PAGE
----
Naperville skater Evan Lysacek appeared here previously in a collection of other portraits of Olympic hopefuls, but I didn’t make any comment about his photo. Now that he rocked the Olympics by being the first U.S. man to win a gold medal in skating since 1988, I thought I’d post some specifics. In that post, I described some technical details on how the photos were supposed to look, but the look he was creating was one of focused intensity. I’m not exaggerating or lassoing a star when I say that of the seventy-some athletes I shot during those three days, Lysacek was the one whose intensity stood out. I was actually a bit startled by it. Maybe it was his eyebrows and tightly clenched jaw, or his dark eyes and quite demeanor – or all of that. As you look at his photo, especially the one at left, remember that he’s facing me and a crazy crowd of activity behind me – photographers, agents, athletes, etc.. all bumping into each other and creating a raucous roar. Some athletes handled that by being funny or irreverent. Some appeared a bit tired or distracted. Lysacek stood in and quickly stared at me with such concentration, I knew he was focusing more on the picture than I was.
On a previous post you saw the scene where I photographed quickie portraits of Olympic hopefuls in Chicago at the Palmer House in a room crowded with athletes and other photographers. These were some of the more interesting photos from the bunch. I shot all of them in a vertical format with a tilt-shift lens while using a ringflash. Just a little cumbersome, especially when you only have a couple minutes of shooting time. I also wanted to create a cyan-bluish tone to the images, to create a sense of winter cold. To do so, I used a cyan colored background. The reason it appears white in the photos is because I overexposed it. The white then dissolved into a cyan as the light fell off the subjects – creating a cold edge. It’s a slight effect. You can see that more in the images of athletes wearing dark colors, or in the duo at bottom. All in all, I enjoyed the process. I was really struck at how the personas of the athletes tended to come out in their pictures, especially among those who have participated in previous Olympics. I also could see how those personas might possibly outlive their Olympic experiences and endear them to millions around the world.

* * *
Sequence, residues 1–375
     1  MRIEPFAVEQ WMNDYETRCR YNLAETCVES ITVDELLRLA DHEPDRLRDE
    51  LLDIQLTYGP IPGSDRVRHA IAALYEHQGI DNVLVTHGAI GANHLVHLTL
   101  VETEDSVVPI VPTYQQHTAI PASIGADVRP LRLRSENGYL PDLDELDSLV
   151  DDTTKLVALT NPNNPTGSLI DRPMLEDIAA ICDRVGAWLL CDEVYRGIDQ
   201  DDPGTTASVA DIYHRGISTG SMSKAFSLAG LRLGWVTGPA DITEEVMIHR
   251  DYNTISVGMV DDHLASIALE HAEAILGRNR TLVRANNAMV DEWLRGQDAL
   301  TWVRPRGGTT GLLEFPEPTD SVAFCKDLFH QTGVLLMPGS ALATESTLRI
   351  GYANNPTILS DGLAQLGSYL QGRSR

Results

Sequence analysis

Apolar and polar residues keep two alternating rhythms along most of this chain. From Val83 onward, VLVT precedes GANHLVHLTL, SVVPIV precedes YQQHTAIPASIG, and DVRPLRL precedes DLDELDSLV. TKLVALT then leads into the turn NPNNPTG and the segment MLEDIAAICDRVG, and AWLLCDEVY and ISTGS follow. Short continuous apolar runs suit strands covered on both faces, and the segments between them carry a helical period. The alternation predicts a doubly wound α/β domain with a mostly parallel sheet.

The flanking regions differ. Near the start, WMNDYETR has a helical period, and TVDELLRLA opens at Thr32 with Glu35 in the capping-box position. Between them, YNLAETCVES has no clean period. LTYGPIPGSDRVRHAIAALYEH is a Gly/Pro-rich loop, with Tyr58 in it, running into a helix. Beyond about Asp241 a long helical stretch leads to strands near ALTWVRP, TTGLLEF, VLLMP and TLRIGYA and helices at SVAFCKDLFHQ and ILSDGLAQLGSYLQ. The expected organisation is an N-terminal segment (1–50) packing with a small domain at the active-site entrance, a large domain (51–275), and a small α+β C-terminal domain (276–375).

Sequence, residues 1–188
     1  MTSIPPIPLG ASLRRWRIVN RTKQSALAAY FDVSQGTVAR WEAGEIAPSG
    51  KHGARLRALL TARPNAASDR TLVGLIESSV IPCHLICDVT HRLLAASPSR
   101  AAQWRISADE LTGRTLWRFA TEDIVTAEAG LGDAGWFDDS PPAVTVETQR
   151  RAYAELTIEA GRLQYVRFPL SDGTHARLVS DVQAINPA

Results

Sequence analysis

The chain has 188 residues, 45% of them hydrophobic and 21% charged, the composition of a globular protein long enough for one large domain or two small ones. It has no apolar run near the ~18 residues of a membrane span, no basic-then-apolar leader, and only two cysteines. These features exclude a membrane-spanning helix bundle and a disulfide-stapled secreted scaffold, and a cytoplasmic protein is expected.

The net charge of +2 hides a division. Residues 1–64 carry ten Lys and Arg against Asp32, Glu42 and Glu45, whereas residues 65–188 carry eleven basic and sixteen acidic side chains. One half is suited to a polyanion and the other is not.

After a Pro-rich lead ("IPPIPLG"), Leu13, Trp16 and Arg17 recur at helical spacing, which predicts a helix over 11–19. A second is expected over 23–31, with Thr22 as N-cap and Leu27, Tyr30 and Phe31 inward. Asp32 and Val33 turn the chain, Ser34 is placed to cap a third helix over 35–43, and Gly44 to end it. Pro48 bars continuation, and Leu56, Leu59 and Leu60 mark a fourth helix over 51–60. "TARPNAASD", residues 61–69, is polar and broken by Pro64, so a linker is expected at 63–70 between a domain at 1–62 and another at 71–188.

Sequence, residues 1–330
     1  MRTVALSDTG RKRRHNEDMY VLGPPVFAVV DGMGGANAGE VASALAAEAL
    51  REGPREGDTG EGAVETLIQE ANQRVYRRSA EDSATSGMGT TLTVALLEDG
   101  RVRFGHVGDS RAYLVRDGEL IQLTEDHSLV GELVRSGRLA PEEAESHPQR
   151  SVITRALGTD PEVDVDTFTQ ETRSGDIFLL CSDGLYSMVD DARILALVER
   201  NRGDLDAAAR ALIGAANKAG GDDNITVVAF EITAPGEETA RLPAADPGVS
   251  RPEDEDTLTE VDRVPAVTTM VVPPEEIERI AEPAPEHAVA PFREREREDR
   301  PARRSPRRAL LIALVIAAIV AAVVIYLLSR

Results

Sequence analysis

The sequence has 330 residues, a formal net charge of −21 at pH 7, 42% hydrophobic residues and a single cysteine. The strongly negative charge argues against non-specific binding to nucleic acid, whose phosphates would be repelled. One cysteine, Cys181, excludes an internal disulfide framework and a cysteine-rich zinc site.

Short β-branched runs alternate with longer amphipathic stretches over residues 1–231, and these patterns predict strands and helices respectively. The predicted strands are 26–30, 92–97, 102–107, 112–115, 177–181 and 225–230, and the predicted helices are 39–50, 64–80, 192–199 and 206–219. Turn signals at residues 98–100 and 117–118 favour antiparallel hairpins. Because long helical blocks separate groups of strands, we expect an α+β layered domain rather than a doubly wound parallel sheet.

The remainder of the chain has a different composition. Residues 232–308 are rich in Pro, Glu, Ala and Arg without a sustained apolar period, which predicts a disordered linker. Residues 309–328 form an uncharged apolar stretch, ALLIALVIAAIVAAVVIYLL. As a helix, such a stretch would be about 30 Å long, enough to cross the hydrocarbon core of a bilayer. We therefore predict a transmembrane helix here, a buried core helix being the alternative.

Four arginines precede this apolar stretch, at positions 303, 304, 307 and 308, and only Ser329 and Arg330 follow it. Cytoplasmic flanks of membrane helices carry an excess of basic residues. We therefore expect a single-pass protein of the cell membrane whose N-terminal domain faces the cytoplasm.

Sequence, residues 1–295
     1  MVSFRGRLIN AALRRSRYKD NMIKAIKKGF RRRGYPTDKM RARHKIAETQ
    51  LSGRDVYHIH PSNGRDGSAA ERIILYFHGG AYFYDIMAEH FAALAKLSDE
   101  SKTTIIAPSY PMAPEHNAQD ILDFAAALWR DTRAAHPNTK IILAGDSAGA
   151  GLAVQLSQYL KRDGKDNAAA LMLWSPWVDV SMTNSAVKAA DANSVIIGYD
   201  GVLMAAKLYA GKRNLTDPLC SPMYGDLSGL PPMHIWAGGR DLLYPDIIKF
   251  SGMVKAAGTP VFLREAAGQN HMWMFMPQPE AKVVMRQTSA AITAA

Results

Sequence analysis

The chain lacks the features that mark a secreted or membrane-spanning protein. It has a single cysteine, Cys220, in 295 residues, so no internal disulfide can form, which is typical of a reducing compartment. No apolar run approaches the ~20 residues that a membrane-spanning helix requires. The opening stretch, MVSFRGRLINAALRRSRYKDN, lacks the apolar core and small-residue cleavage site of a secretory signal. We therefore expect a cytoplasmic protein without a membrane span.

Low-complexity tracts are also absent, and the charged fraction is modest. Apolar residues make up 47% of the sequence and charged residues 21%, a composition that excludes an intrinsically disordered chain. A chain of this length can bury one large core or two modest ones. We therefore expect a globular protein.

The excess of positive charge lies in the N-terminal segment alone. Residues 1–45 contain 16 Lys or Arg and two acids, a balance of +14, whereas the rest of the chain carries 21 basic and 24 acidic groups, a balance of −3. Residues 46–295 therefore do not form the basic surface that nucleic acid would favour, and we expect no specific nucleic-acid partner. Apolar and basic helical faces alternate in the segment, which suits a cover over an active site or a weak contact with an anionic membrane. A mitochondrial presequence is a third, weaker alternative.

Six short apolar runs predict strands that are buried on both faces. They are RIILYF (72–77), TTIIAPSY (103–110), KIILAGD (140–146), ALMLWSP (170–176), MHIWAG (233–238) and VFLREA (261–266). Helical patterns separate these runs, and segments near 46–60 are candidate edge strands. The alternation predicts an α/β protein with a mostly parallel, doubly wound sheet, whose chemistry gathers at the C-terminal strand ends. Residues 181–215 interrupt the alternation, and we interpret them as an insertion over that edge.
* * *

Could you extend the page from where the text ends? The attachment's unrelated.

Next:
©2009 Chicago Tribune/Alex Garcia
What is it like photographing 75 Olympic athletes in 2 and-a-half days? Something of a cross between speed-dating and a three-ring circus. I was assigned to a room with six other photographers this past week at the Palmer House for the media preview of the United States Olympic Committee. Representing various wire services and newspapers, we were given a few minutes each to shoot portraits of athletes of the 2010 Winter Olympics. It was the first time I had ever done something like this. During the cavalcade I was literally bumping my behind against a UPI photographer’s as we avoided trampling each other’s cords and equipment. Because of the loud din, I found myself shouting directions at the athletes who were remarkably good sports about it – given that I was blasting them with a ringflash and four other lights. Of course, in the middle of all this, television stations from across the country came through filming us as we photographed the athletes. No, that wasn’t chaotic. Because athletes were herded into the room in droves, there were some quiet moments in between where the photographers engaged in the topics of conversation you would expect among a group of guys holed up in a room for days – duct tape, hermaphrodites and the Die Hard movie where some guy gets stabbed with an icicle. All told, it was fun and inspiring to be around such athletic overachievers. I know this coming Olympics will have added meaning as I will recognize some names and faces. Here is a photo gallery of some of the Olympic hopefuls.